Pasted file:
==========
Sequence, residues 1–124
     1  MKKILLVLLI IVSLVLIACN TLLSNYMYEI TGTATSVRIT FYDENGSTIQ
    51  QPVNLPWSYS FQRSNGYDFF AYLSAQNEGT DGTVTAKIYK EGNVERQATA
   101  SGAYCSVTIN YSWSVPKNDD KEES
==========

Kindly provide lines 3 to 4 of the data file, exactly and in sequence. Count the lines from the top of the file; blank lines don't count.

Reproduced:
    51  QPVNLPWSYS FQRSNGYDFF AYLSAQNEGT DGTVTAKIYK EGNVERQATA
   101  SGAYCSVTIN YSWSVPKNDD KEES